CITIES AND TOWNS ‑- ESTABLISHING BOUNDARIES FOR INCORPORATION
Where a legally sufficient power has been presented to the board of county commissioners praying for the incorporation of a certain described area now unincorporated as a town, the board cannot exclude from the boundaries of the proposed town lands it deems not proper for incorporation, if through the exclusion the population of the remaining is less than 300, which is the minimum population required for incorporation. RCW 35.27.020, providing that no more than 20 acres of unplatted land belonging to any one person shall be taken into the limits of a town, does not apply to original incorporations.
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March 5, 1957
Honorable John G. McCutcheon
Prosecuting Attorney of Pierce County
Pierce County Courthouse
Tacoma 3, Washington Cite as: AGO 57-58 No. 24
Attention: Thomas R. Garlington
You requested the opinion of this office on the following questions:
(1) Where a legally sufficient petition has been presented to the board of county commissioners praying for the incorporation of a certain described area now unincorporated as a town, can the board of county commissioners exclude from the boundaries of the proposed town lands it deems not proper for incorporation, even though the exclusion will reduce the population of the remaining area to a number less than 300, which apparently is the minimum population required for incorporation?
[[Orig. Op. Page 2]] (2) Does RCW 35.27.020, providing that no more than 20 acres of unplatted land belonging to any one person shall be taken into the limits of towns, apply to original incorporations?
We answer both questions in the negative.
Before directing our attention to an analysis of the aforementioned questions, we feel that because of possible future litigation it is necessary to treat briefly a collateral issue to the first question. Chapter 35.02 RCW was compiled by the code reviser from §§ 1-3, chapter 7, Laws of 1889-90. In codifying chapter 35.02 RCW the code reviser dissected §§ 2 and 3 of the session law into several parts and gave each an RCW section number. The legislature amended several sections of chapter 35.02 RCW in 1953. The amendments, however, were made directly upon the RCW sections. Inasmuch as certain sections, one of which was RCW 35.02.070, were not amended, certain parts of §§ 2 and 3, chapter 7, Laws of 1889-90, were not set out in the 1953 amendment.
Article II, § 37, of our state constitution provides:
"No act shall ever be revised or amended by mere reference to its title, but the act revised or the section amended shall be set forth at full length."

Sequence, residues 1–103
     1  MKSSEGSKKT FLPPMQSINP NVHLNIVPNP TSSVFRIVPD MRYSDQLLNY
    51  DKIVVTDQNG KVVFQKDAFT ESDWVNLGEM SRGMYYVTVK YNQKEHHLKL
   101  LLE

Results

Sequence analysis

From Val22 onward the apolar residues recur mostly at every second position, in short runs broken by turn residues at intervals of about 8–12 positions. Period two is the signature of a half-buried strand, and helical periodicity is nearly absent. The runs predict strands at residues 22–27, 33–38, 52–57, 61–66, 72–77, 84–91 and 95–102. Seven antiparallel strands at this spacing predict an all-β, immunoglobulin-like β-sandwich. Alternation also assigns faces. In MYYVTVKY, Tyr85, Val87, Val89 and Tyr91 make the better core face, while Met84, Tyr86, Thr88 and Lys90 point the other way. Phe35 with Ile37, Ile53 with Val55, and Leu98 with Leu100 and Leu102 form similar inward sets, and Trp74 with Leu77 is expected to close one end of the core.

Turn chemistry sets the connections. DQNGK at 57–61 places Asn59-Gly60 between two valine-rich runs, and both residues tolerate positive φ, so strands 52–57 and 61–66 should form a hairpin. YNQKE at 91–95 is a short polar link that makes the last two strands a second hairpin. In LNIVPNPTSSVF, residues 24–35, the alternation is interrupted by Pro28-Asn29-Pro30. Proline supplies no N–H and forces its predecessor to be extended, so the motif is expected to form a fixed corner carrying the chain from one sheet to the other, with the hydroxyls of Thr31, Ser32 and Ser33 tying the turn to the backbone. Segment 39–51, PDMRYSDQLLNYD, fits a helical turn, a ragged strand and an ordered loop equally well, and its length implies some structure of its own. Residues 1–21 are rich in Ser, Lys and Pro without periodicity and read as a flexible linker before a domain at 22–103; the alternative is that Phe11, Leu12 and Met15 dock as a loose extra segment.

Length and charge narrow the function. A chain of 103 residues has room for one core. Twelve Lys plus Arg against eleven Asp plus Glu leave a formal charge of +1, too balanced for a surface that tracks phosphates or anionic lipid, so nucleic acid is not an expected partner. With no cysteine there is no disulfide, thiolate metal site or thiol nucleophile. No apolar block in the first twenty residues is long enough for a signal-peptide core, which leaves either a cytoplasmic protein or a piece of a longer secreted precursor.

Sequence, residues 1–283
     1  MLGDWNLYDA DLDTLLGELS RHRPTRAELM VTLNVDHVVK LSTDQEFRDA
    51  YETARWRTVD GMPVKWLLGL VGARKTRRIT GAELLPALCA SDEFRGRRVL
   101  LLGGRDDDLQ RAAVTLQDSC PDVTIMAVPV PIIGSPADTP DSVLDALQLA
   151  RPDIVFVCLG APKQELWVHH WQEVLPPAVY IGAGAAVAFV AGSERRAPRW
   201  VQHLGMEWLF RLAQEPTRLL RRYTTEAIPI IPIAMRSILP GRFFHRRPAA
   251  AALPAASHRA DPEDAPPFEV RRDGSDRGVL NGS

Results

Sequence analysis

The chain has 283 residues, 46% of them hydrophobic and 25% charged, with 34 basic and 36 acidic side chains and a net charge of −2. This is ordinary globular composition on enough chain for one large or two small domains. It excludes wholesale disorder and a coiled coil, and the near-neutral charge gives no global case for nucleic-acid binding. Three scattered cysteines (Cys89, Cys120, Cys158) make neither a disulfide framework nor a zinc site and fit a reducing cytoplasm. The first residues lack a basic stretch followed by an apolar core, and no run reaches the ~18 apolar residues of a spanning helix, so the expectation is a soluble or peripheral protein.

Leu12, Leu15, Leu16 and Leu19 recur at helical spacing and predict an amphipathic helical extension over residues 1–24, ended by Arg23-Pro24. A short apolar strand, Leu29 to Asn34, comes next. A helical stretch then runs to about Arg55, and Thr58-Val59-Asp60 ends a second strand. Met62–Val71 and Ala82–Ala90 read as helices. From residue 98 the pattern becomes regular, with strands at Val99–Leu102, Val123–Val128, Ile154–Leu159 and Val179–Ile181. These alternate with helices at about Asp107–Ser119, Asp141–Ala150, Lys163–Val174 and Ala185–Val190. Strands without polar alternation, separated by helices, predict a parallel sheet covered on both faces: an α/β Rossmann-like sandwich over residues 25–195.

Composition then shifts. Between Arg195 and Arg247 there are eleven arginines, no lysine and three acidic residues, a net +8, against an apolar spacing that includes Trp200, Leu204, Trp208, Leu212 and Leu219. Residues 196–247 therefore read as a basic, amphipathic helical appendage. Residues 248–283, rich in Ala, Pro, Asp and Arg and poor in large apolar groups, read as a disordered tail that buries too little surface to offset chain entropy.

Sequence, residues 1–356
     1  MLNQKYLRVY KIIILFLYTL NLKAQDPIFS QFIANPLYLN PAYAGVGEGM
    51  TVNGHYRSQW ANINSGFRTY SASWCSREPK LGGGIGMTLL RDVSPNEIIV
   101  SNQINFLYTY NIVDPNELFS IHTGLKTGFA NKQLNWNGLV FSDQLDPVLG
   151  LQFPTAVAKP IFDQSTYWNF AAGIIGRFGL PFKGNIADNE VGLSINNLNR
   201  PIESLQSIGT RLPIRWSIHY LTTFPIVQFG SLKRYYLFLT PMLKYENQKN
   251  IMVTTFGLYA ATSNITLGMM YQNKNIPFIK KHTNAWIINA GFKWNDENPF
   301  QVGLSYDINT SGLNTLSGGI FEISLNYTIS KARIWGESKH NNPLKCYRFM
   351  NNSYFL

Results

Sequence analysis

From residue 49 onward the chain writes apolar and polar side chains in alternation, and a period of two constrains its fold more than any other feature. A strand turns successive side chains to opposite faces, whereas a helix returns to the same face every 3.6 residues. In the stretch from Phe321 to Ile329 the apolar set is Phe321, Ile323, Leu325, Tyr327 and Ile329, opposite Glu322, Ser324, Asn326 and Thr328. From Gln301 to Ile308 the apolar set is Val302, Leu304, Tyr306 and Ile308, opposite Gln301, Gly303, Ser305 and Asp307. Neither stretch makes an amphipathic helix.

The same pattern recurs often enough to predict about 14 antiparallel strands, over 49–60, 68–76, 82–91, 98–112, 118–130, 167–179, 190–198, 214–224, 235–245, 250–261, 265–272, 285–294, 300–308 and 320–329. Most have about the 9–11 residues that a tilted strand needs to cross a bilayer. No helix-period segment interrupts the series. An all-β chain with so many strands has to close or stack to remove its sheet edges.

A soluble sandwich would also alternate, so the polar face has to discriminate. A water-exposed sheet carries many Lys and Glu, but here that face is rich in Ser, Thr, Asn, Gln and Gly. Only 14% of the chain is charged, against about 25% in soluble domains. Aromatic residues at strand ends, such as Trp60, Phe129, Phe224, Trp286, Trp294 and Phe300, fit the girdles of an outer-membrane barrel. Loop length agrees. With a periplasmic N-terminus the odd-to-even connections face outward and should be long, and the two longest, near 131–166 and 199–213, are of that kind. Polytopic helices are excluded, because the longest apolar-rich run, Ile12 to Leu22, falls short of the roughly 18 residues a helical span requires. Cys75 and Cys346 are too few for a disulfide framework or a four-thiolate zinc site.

Our court inMudgett v. Liebes, 14 Wash. 482, 486, in construing this constitutional provision, stated:
". . . where a section of an act is amended the section must be set forth at length,and it follows from this that the part of the original section which is not repeated in the amendatory act is repealed, but the part of the original enactment which is repeated remains the same as if there had been no amendment." (Emphasis supplied.)
See alsoState ex rel. Gebhardt v. Superior Court, 15 Wn. (2d) 673.
[[Orig. Op. Page 3]]
Since RCW has never been accepted by our court as the law of the state, resort should be made to the session laws for purposes of amendment. Because of the failure of the legislature to do that in 1953 with regard to chapter 35.02 RCW, it is possible that RCW 35.02.070 and other sections of chapter 35.02 RCW constituting parts of §§ 2 and 3 of chapter 7, Laws of 1889-90, not set out in chapter 219, Laws of 1953, have been repealed by implication.
However, in view of the fact that it is the policy of this office not to rule upon the constitutionality of existing statutes, except under certain circumstances not pertinent here, we presume that chapter 35.02 RCW as amended in 1953 is constitutional.
Directing our attention to the first question, chapter 35.02 RCW sets out the procedure for incorporation of a town. RCW 35.02.010 provides that any portion of a county containing not less than 300 inhabitants lying outside the limits of an incorporated city or town may incorporate. RCW 35.02.020 through 35.02.040 (1953 Supp.) set out the signature, content, checking and publication requirements of the petition for incorporation. RCW 35.02.050 and 35.02.060 state the manner of presentation and hearing of the petition before the board of county commissioners. RCW 35.02.070 provides:
"Upon final hearing on a petition for incorporation the board shall establish and define the boundaries of the proposed city or town, being authorized to decrease but not increase the area proposed in the petition; it must also determine the number of inhabitants within the boundaries it has established."